As a professional genealogist Matt Ball spends his working life unravelling family trees but since moving to Sevenoaks he’s been intrigued by the men commemorated on the towns memorial and say’s the opportunity to look at the lives of 226 men wasn’t one he was going to miss. The Sevenoaks Memorial Project has now been launched and Matt has kindly taken a moment to share the inspirations behind it….
‘It’s impossible not to notice the War Memorial in Sevenoaks as you drive through the town. It stands overlooking the Vine Cricket ground and faces east, toward the battlefields of the First World War. It is one of the finest memorials that I have seen and since moving to Sevenoaks over five years ago, it had always caught my eye.
It was a chance conversation at this years Who Do You Think You Are? with a fellow genealogist which inspired me to take a closer look at our memorial. Simon Last has already written about the War Memorial in his home town of Framlingham in Suffolk and his work prompted me to see what research had been carried out in Sevenoaks. I discovered that while some work had been done to record the names and occasional stories had appeared in the Sevenoaks Chronicle, no one had tried to piece together the lives of the 226 men named on the memorial before.
Each one of those names has a story behind them and left behind families and loved ones. They fought not just on the Western Front but in Gaza, Egypt, Syria and Salonika as part of the the RFC, The Royal West Kents, the Royal Navy and in one case, The Imperial Camel Corps.
So far, I’ve been able to find photographs for 25 of them and it’s moving to see these young men staring back at you, who only a few years before had been living contentedly in Sevenoaks and were now serving King and Country in a foreign field. And people have been contacting me from as far as Florida and Australia to tell me about their relatives and the stories behind their war service.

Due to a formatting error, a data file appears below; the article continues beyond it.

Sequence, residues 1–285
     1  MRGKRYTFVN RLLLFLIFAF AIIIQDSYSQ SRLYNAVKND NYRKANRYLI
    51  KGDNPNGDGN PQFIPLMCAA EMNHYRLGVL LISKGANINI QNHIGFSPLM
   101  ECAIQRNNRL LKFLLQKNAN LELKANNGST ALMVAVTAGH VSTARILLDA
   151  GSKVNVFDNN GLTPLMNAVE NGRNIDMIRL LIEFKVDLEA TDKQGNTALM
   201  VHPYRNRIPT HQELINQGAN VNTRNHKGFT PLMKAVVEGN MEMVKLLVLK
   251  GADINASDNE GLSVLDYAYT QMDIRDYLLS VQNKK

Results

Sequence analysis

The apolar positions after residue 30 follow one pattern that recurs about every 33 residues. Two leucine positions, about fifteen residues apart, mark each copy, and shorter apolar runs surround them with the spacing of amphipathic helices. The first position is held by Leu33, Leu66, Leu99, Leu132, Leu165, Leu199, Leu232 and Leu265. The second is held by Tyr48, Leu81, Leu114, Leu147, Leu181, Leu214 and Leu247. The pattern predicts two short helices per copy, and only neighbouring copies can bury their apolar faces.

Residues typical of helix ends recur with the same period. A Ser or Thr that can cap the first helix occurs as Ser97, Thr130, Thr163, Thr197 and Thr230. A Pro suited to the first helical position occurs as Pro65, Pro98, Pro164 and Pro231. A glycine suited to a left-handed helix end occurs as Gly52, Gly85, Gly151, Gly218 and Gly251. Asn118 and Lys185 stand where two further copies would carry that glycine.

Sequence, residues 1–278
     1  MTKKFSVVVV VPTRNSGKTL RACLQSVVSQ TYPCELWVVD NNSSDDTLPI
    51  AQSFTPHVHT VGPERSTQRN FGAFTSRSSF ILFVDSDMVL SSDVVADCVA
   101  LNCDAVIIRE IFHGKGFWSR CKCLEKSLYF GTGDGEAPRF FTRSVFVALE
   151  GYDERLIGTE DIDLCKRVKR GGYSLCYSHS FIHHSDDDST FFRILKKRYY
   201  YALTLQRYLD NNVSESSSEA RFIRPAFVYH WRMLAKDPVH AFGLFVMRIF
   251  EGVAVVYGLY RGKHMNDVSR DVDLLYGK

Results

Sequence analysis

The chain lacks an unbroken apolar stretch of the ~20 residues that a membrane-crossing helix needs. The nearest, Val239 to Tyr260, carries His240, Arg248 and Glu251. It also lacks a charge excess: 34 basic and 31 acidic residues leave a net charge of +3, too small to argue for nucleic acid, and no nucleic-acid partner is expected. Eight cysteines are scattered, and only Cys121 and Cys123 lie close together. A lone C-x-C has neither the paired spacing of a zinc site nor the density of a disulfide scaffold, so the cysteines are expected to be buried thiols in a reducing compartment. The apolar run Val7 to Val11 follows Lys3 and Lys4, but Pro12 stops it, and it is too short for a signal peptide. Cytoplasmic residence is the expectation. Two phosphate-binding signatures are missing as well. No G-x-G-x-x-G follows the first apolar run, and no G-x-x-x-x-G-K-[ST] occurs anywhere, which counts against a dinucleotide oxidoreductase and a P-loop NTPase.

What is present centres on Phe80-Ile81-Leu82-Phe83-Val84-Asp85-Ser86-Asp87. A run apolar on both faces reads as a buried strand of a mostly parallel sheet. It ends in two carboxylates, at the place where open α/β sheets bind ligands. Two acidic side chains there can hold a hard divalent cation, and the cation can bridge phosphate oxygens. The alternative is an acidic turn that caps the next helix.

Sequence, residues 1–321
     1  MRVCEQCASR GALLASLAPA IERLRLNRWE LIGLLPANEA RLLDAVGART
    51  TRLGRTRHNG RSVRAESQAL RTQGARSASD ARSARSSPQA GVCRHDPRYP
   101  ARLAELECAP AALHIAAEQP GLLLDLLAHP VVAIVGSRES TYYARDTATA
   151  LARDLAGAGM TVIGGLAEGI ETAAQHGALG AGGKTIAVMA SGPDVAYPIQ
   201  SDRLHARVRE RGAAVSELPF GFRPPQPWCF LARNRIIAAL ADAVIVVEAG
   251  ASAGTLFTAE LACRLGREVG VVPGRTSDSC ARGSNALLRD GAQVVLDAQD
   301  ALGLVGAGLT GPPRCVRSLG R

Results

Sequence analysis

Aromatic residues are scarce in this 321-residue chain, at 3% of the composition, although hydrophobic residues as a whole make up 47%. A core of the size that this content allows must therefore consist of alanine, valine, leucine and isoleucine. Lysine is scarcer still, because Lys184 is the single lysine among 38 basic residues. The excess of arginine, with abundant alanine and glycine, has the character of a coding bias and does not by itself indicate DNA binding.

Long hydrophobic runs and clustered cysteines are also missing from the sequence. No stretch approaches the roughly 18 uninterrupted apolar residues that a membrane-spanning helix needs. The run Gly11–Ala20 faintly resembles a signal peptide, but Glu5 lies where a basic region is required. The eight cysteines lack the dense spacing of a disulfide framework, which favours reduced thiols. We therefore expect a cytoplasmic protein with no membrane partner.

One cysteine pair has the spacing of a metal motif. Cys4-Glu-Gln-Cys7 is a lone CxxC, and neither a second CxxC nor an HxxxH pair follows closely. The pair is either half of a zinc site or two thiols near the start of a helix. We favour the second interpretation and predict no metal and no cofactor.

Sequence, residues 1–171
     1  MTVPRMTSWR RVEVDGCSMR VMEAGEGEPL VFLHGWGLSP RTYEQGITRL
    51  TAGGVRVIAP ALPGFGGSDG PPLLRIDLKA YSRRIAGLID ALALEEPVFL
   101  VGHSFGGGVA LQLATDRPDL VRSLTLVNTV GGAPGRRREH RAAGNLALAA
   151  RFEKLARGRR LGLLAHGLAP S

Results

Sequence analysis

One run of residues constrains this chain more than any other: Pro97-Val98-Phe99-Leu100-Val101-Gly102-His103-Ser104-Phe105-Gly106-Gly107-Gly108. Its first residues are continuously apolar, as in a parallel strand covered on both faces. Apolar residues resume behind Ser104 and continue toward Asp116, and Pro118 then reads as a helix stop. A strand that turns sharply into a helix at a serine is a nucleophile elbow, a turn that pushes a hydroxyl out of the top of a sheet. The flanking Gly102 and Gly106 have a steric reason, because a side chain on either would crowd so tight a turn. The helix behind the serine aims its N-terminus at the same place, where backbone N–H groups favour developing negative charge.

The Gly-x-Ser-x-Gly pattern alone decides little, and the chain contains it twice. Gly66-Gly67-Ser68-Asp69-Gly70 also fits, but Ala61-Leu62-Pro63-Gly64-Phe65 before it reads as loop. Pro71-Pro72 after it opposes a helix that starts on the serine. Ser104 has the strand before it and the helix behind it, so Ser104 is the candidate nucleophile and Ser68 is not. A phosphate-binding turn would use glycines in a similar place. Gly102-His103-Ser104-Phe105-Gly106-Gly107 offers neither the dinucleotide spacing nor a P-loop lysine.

The Revered Basil Plumptre had worked for several years in Bermondsey, refusing all offers of preferment in the church, to stay with his parishioners. He joined up and served with distinction, receiving the Military Cross for his gallantry and devotion to duty when serving the wounded.
Thomas Garrett was a long serving soldier and was due home on leave when he died in Salonika. His wife Amelia, had lost three brothers during the war, another losing his arm and like many women of that generation was left to bring up their children on her own. Her grandson John was able to share with me the original telegrams Amelia had received, the first informing her that Thomas was dangerously ill and the second that he had died. It was a moving and privileged moment to hold those messages which had been preserved so carefully over the years.
We hope to publish a book that brings together of all these stories and keeps the memory
of these men and the sacrifice they made alive. I was pleased that my recent article in the Sevenoaks Chronicle prompted a local Mum to get in touch, as her son is about to go on a school trip to Ypres. I was able to give her names of local soldiers remembered there, to hopefully give him more of a connection when he looks out at the sea of names at the Menin Gate and can think of some of the local men who fought there nearly one hundred years ago. For me, recording the lives and service of these men for a younger generation to understand and remember, is what it’s all about.’
Do you have any links to the memorial? If so Matt would love to hear from you. He’s the co- founder and Director of The Great British Ancestry Company and you can contact him via firstname.lastname@example.org You can also follow the progress of the war memorial project on twitter @7oaksmemorial.
Many thanks to Matt for taking the time to write for the History Magpie – it’s greatly appreciated.
Local historian, Judith Johnson has spent ten years tracing the lives of the men commemorated on the Southborough War Memorial and she shares the story behind the writing of her book The Southborough War Memorial with me in the November issue of Kent Life Magazine.